Note that they didn't call Bob Novak, who actually wrote an article revealing the information, asking for his source and threatening -him- with jail. Stinking hypocrites.
And I assume that you've got information directly from Patrick Fitzgerald indicating that Novak is not cooperating with the investigation?
Charge hypocrisy, if you want, when the special prosecutor's report comes out and you have accurate data. Before then, you're speculating based on what you choose to believe.
|Date:||July 8th, 2005 03:25 pm (UTC)|| |
Heard on radio on either NPR or Air America or both, Novak was not called to testify by the grand jury. There is not a hint that he is being required to provide information or is testifying to the grand jury under oath. That to me looks like hypocrisy--demanding that someone who didn't even publish anything be tossed in jail, while the person who did first publication apparently gets a complete and utter bye. Also, the background that I seem to recall is that very little of the excrement through the fan over the release of classified information which looked like a piece of vicious vituperation going after someone's wife and putting people she had worked with in jeopary for the husband saying the yellow cake report was bogus, got directed at Novak.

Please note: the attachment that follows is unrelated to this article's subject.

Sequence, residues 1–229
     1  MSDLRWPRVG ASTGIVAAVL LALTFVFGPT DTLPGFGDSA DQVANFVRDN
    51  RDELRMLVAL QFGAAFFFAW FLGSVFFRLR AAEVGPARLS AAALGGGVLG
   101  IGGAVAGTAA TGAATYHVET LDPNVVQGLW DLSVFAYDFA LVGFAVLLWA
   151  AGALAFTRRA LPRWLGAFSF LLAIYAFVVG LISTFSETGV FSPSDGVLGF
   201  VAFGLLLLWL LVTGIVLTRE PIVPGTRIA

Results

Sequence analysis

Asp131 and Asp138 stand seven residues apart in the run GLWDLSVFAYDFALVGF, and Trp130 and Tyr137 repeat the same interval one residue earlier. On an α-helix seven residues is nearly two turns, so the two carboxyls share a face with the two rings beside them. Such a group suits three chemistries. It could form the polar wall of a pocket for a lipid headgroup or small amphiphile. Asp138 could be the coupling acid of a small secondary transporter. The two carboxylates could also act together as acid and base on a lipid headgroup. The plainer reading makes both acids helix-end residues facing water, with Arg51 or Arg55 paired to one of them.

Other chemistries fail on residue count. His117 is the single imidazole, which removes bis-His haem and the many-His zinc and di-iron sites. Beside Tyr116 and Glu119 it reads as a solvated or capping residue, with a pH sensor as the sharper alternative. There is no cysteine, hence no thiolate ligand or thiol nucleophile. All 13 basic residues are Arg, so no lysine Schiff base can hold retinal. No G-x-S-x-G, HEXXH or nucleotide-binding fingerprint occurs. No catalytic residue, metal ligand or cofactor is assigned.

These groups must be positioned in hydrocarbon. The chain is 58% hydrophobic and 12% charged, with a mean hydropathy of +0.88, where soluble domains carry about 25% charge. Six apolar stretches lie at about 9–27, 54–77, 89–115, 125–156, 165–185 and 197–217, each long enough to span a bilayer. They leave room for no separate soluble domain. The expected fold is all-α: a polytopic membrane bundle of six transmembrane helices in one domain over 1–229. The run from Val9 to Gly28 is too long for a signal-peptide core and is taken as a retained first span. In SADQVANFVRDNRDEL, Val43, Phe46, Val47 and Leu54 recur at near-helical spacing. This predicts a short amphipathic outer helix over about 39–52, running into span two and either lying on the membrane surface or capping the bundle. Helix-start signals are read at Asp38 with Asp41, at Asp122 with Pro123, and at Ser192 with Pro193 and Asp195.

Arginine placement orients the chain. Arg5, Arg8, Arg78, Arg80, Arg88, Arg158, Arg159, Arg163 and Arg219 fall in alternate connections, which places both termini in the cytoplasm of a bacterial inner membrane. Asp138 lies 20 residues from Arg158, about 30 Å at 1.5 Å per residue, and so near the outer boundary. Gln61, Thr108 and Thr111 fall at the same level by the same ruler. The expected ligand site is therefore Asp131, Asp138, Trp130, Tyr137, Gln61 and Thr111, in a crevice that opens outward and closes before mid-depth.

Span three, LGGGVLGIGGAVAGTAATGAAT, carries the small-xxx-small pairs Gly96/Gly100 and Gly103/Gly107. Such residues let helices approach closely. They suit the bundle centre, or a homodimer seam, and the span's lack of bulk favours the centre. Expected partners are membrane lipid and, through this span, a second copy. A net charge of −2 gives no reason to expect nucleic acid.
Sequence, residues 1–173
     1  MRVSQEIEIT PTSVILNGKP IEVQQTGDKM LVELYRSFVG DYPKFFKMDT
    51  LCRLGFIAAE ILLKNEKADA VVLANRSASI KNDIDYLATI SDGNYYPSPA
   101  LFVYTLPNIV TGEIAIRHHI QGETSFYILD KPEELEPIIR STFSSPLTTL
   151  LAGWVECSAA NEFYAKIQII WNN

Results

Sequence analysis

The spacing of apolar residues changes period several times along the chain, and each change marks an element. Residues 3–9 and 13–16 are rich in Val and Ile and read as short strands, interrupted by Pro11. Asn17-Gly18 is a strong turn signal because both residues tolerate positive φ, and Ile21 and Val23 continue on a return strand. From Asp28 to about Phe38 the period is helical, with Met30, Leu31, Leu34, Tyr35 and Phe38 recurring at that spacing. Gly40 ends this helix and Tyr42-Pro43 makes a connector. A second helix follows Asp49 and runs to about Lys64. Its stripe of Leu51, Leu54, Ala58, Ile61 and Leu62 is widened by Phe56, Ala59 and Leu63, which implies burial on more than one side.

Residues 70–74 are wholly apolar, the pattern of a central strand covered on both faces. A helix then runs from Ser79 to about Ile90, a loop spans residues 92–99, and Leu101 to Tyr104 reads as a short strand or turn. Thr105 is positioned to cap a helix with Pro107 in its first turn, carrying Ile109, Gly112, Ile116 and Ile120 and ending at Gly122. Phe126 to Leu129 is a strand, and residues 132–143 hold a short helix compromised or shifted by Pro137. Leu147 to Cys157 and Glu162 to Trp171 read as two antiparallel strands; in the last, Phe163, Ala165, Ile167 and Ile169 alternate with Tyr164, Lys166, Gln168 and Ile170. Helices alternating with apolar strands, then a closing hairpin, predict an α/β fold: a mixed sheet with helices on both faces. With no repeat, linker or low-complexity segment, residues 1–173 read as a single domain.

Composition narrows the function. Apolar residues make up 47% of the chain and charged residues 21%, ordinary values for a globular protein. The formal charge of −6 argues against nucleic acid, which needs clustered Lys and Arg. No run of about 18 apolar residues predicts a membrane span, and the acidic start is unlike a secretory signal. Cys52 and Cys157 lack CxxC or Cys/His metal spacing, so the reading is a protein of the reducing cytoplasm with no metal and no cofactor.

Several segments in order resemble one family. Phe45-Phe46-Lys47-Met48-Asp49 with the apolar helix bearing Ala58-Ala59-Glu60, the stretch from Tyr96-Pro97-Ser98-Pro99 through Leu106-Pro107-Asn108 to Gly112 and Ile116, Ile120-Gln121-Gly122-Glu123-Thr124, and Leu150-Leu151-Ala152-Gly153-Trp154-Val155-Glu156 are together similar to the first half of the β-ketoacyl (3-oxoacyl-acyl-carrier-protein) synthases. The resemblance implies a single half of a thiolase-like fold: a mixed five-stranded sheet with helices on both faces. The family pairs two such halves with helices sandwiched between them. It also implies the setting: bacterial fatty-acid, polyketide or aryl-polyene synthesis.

Identities of covert agents are kept secret because it can cause "serious damage" or "exceptionally grave damage" [I don't remember the exact terms anymore that apply to particular classifications] to the US national interest if the identities get revealed. In the old Cold War days, identification of covert agents often resulted in the deaths or disappearance without a trace of their contacts, once the covert agent's identity was revealed, along with the other side realizing what information they thought was secure, actually wasn't secure. (That is, there's stuff that's secret, that the people who classified it, thinks isn't known to people who don't have the "need to know." Then they find out that someone who had access to that information, was a spy or giving information to spies. They then work to change things to minimize the damage--change the codes in use if code information got out, change procedures if procedures got out, and trying to figure out ways to mitigate the other side having gotten detailed knowledge of equipment performance. E.g., if I get the technical details about the actual flight envelope and maximum performance and range and vulnerabiltie of combat aircraft, I can design a better system and procedures to neutralize it. It's got an unrefueled range of 600 kilometers, say? I can use that information in my ground-based air defense systems and briefing fighter pilots practicing to shoot the things down. The computer system at Facility X has to recycle at the turn of day? That's when I run operations that Facility X is watching. There's a hole in the satellite coverage due to sensor characteristics? I'll run operations where and when the hole in the satellite coverage is (that one actually happened.... if you don't know there's a deficiency, you can't exploit it. If you do know, you exploit it. Classifying the measured performance means that the other side has to make a lot more guesses and spend a lot more time and effort trying to figure out how to neutralize something).